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Following the Grenfell tragedy, the Government has established a building safety plan with the aim of ensuring that residents of high-rise (over 18 metres) residential buildings are safe from the risk of fire. To date, 457 high-rise buildings have been identified as unsafe owing to having aluminium composite material (ACM) cladding systems in place, which are unlikely to meet current Building Regulations guidance.
Of these 457 buildings, 159 are social sector residential buildings, 289 are private sector buildings including residential, hotels and student accommodation and 9 are publicly-owned buildings including schools and hospitals.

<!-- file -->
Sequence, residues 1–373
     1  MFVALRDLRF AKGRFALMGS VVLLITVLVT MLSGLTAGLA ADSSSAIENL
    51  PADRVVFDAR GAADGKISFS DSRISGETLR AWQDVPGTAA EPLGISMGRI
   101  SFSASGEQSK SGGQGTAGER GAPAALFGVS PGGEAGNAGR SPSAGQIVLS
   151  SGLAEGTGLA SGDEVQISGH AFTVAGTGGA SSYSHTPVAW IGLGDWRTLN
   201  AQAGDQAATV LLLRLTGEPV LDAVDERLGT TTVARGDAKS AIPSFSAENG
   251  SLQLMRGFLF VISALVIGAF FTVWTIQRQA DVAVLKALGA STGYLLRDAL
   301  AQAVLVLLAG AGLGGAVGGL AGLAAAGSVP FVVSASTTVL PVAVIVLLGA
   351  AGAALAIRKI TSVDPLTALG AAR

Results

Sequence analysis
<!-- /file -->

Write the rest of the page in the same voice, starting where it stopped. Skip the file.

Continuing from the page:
Whilst the remediation of all social sector and publicly-owned buildings with unsafe ACM cladding has either been planned, completed or is in progress, the latest government figures show that remediation plans are still unclear for 102 of the identified buildings within the private sector. Secretary of State for Housing, Communities and Local Government Rt Hon James Brokenshire MP has praised private sector landlords and developers who have engaged with the Government and are meeting the costs of remediation, but has warned those who haven’t that he has “ruled nothing out”.
Remediation of buildings with unsafe ACM cladding systems is a complex process and involves addressing not only the exterior cladding system but also broader fire safety systems for each building. For many buildings this involves significant construction work that requires planning, consultation and careful execution. Putting the right team in place including contractors, consultants and advisers is key to developing and executing a plan to achieve compliant remediation.
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